Charanjiva grew up in Fairfield, CA, a 45 minute drive from San Francisco. During the late 1990s, she lived in San Francisco for five years in the city’s Western Edition neighbourhood on Divisidero Street. At the time, this was a cool neighbourhood with many boutiques, but no high street shops, like say, Gap. There was an independently owned record shop, which had a painted window display with a big wooden board with an album cover painted on it. Charanjiva asked the owner if she could paint the next album cover. The owner agreed. The Church of John Coltrane was across the street from where she was painting at the record store (it has moved since then), and many people were listening to jazz on the street. “All of a sudden I had this urge to speak to these people (across the street) through my art. I wanted to connect with them, and I wanted them to connect with me as someone who has so many thoughts about life and humanity. That was my turning point where I realized that this is already what I try to do, and I should embrace it and focus on it as an artist. Social media as we know it didn't exist at that time. The streets were the answer to my desire to have my views, and perspectives on display for everyone and anyone walking by to see my art at any time of the day or night. It was then, standing inside the window display looking out into the world, that I solidified my purpose as an artist,” says Charanjiva.

What excited Charanjiva about street art is the fact that oftentimes it is unsolicited art. Having been always attracted to rebellious creativity, breaking the rules, challenging the norm in order to change things that later will be embraced by a larger group, was exciting. With street art, people can stumble upon someone's creative moment without having to walk into a gallery or pay admission. “So maybe just doing traditional work on canvas wouldn’t have been enough for me. I want to share my views with the world. I always wanted to outwardly express these things that are inside me, and street art is people enjoying your work, standing in front of your work at any time of the day or night,” she adds.

However large the wall, Charanjiva tends to work by herself.

How is street art done? Most common materials and methods used for street art are painting with spray cans (whether spraying with or without a stencil); painting with fast drying latex paint using a brush and/or rollers; stickers; and wheatpasting. To recreate the Pink Lady as a mural, Charanjiva hand painted her by projecting her image on the wall so that she is perfectly accurate and then she used paint, brushes and rollers. Charanjiva tends to work by herself, however large the wall. Most often though, she pastes up smaller versions of the Pink Lady through stickering or wheatpasting, so she can go around and quickly put her up. For wheatpasting, Charanjiva takes printouts of the Pink Lady and creates an adhesive paste of white flour, bowling water and raw sugar. Though made of organic ingredients, as it has to hold up the art work in the outdoors, the paste is a strong one.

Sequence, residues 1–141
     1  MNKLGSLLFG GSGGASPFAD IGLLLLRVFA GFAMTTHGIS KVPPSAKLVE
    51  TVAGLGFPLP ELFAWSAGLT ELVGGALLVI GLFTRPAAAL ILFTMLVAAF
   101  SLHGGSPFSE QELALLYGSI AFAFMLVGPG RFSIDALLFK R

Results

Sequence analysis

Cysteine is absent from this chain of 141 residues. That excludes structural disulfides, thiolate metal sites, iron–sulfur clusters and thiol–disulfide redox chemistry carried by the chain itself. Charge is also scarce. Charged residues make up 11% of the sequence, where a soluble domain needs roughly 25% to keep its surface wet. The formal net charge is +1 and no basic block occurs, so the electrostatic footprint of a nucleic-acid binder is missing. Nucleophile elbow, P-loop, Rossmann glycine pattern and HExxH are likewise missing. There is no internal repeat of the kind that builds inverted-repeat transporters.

Charanjiva pastes the Pink Lady up every year, or year and half, around the time of the anniversary of the 2013 case. However, when the juvenile in the Nirbhaya case got out after three years, Charanjiva decided to make a point. Till now the Pink Lady was always quietly on the wall. However, this time Charanjiva gave her a speech bubble saying, ‘Justice we’re coming for it.’ While the Pink Lady is good being a standalone piece of art, she is also good with speech bubbles. She says enough with the `boom’ and her attitude.

Charanjiva also wants to make the Pink Lady speak in local languages, for the non-English speaking population. So in December 2019, she made a younger character called ‘Boom Junior,’ who holds a school book with `Boom’ written on it. With Boom Jr., the little school girl character she created (after an incident she witnessed outside Mumbai’s Regal Cinema), Charanjiva wants to create totebags, t-shirts, stationery items, etc. with a variety of illustrations of Boom Jr. rejecting patriarchy. Right now Charanjiva is working on putting out an NFT collection of the Pink Lady. Here is hoping that Charanjiva gives voice to so many silent ones that we see around us.